Written evidence submitted by the British Airline Pilots’ Association
(BALPA) (AAS0027)

Preventing a winter of discontent and turbo charging the recovery


About us

This submission to the Transport Select Committee’s Inquiry into the recovery of UK Aviation is made on behalf of Britain’s 10,000 commercial airline pilots represented by the British Airline Pilots’ Association (BALPA). Over 80% of the UK’s commercial pilots are members of BALPA and we are recognised as the main partner in more than 20 airlines covering all major UK operations.


Recovery of the UK aviation sector


The last 18 months have been the most devastating and challenging in the history of the aviation industry. The sector has seen up to 90% lower passenger levels as a direct result of COVID-19 and passenger confidence remains relatively low.

The UK’s aviation sector has become the sick man of Europe, thanks to conflicting Government rules, and a myriad of different and expensive testing, isolation and vaccine documentation requirements. Our limited recovery to date is significantly behind the rest of Europe: the UK’s airports are at the forefront of the worst affected by Covid. Data from September shows that Gatwick, the UK’s second busiest airport pre-Covid, is the worst affected airport in Europe[1], currently operating at -76% of traffic compared to 2019, and Manchester is the fourth worst at -56% of 2019 traffic. This is having devastating effects for both the employees and local community along with the UK’s wider air connectivity and industry.


Before all of this, the UK was Europe’s largest aviation market and the third largest aviation market in the world, after the USA and China. Nearly 300 million passengers travelled through UK airports in 2019: a record number. The sector contributed £66bn to the economy (3.2% of the UK’s GDP) and facilitated a further £26bn a year from tourism. Aviation also provided £8bn of tax revenue to the Treasury[2].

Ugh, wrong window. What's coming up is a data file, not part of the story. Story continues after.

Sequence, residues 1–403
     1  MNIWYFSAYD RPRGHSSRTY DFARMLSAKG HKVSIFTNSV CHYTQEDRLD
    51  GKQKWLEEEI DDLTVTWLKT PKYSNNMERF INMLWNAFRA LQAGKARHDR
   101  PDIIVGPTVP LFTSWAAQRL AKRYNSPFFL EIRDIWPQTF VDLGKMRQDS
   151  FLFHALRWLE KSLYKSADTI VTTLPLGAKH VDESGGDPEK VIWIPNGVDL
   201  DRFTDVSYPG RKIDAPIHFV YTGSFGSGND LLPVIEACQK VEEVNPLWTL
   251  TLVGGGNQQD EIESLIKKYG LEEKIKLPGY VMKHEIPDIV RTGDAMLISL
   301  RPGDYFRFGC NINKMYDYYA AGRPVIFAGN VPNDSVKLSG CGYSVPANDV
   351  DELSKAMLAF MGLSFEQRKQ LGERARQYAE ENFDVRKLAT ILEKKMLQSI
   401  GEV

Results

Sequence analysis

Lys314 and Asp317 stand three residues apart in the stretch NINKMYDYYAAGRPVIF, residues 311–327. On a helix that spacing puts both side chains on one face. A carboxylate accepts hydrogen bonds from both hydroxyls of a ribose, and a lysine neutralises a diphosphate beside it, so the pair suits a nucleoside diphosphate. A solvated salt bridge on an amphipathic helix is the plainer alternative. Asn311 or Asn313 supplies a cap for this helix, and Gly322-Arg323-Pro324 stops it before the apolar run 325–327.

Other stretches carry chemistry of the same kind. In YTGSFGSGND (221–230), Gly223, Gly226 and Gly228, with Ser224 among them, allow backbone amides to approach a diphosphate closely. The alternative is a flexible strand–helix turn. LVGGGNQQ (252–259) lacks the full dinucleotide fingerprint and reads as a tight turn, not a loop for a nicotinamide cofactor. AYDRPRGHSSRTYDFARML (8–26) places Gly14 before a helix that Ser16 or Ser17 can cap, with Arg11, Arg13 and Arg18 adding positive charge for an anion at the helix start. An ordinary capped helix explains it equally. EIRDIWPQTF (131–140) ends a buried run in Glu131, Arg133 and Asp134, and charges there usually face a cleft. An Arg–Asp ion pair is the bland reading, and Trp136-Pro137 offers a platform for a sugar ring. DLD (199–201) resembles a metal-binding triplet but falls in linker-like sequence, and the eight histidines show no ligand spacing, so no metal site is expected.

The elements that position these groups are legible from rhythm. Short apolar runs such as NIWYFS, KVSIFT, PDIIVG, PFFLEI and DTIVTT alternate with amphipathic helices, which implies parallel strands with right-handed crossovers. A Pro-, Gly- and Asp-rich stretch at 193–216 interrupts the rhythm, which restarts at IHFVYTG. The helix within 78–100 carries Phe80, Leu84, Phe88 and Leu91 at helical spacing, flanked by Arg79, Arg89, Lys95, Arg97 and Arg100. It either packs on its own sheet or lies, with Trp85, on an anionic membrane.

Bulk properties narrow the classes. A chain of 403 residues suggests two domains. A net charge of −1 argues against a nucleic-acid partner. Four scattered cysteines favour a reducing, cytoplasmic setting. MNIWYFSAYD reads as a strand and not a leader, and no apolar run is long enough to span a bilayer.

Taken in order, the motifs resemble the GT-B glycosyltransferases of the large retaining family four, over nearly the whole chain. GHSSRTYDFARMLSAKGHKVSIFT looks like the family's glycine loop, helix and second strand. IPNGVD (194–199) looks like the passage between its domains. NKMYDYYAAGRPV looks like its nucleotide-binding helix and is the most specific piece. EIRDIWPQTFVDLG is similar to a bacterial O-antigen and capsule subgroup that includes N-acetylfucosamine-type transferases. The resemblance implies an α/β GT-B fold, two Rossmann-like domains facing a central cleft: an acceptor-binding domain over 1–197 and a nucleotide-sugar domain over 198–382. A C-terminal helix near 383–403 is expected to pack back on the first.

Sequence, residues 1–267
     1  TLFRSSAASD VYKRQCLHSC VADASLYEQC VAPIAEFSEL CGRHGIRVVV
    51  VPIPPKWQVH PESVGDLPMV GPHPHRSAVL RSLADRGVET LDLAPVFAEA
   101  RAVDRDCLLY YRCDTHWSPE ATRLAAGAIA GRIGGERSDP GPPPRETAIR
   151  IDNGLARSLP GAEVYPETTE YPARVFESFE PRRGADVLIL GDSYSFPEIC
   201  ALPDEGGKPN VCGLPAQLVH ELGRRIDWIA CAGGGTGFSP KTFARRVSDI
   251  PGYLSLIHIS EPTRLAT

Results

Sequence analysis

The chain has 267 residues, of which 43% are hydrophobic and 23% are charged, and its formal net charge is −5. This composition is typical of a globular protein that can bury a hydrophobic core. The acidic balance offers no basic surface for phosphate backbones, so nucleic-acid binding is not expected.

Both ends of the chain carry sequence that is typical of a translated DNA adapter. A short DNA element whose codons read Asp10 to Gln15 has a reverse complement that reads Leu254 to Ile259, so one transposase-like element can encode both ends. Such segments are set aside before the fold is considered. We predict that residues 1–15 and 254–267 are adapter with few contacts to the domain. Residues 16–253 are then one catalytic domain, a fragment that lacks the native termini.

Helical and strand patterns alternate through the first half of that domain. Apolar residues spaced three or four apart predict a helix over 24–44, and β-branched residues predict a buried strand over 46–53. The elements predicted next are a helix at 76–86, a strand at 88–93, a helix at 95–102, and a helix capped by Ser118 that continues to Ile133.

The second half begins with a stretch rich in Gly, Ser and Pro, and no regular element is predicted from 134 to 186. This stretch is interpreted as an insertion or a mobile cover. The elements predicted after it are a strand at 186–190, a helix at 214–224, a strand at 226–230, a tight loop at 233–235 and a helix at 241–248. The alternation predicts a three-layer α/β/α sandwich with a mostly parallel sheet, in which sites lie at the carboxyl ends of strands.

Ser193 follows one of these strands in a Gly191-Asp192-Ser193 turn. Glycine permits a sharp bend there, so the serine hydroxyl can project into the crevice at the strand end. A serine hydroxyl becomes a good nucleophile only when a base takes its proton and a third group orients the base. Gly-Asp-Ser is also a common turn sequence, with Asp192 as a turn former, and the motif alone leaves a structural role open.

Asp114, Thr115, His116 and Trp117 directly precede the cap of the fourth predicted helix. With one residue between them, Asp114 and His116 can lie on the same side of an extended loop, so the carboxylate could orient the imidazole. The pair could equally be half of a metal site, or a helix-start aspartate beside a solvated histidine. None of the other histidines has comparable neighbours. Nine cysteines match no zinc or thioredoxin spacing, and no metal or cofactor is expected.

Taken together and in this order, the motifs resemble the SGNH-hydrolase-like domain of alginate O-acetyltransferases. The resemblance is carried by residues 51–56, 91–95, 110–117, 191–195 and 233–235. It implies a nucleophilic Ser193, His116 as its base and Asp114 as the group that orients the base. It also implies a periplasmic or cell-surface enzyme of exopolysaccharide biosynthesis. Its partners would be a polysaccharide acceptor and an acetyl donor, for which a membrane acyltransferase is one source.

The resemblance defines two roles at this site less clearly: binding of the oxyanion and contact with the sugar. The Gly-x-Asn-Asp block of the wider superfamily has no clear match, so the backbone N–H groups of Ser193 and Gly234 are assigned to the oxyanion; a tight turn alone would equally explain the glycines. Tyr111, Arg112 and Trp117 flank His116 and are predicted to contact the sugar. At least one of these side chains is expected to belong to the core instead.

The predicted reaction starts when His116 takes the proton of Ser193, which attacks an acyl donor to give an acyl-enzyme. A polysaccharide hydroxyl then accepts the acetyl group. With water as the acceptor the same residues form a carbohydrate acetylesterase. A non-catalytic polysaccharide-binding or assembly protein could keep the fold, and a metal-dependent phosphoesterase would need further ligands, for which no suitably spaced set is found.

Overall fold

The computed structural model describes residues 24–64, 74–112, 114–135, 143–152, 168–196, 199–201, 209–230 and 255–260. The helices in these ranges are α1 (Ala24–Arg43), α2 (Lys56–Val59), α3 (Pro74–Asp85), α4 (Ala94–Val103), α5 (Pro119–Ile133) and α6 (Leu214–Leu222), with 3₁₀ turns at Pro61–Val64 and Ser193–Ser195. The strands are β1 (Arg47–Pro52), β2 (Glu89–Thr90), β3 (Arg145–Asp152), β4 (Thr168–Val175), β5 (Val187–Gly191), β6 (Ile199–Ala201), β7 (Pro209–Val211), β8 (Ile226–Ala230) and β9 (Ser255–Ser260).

The UK aviation sector as a whole employs about a million workers, with a further half a million jobs relying on aviation for the tourism sector. This is not just airlines and airports but also engineering, catering, head office functions, security and retail, among many others. One in four constituencies has over 1,000 people employed directly by aviation companies, and 60% have over 500[3]. Since the beginning of the pandemic, over 60,000 jobs have been lost[4].


For 20% of pilots, Covid has caused a 100% loss of income. More than 2000 (or 1 in 5) professional flight deck crew have moved from an employed to an unemployed category of membership.


For the 80% of pilots who retained their jobs, it has meant prolonged periods with pay reduced by between 20% and 65% of 2019 values. Without either normal revenue or government support, airlines are again going to be asking employees to contribute towards reducing further losses. Employees cannot afford this any longer.


With the CJRS no longer available to bridge vital employees, such as pilots and engineers, to the point where revenue supports their employment costs; airlines are faced with one of three choices.


Whichever of these difficult choices the airlines make, they are not in a position to ensure that such a large number of safety sensitive staff are made both skilled and resilient for the recovery in passenger numbers.

Resilience is the key challenge. The skills needed to work are analogous to ‘riding a bike,’ they are not easily forgotten and are quickly trained to competence. However, the need to become resilient, to be able to prioritise and manage workload in the real-world environment, is more challenging and needs both practice and exposure. These are both expensive, not required by the legal minimum return to work standards and yet, in this unprecedented situation are vital for safety.

The retraining minimum standards are designed to reintroduce a single crew member into an otherwise skilled and resilient system. This winter, we are looking to reintroduce 50% or more of the workforce back into a system which is itself not yet back up to speed.

Redundant pilots will be even more hard pressed to afford necessary steps to re-gaining employment such as licence revalidation or changes. No having valid licences can be a barrier to interviews, even for pilots with significant experience. The costs involved in keeping pilot licences valid and current are higher than equivalents in almost any other industry, and those who have successfully secured employed following a redundancy should not be barred from applying for these funds, as non-flying jobs are not salaried to account for these costs.


Airlines should be able to reclaim costs from HMT for these to help tackle their large and fixed overheads.


Earlier this year, over 3,500 UK Pilots signed a letter to the Government to highlight the new and unfair post-Brexit licencing system that means UK pilot licences have been ‘seriously degraded in value and utility’. The new state of play has actively prevented UK pilots, including those made redundant due to Covid-19, from securing UK jobs.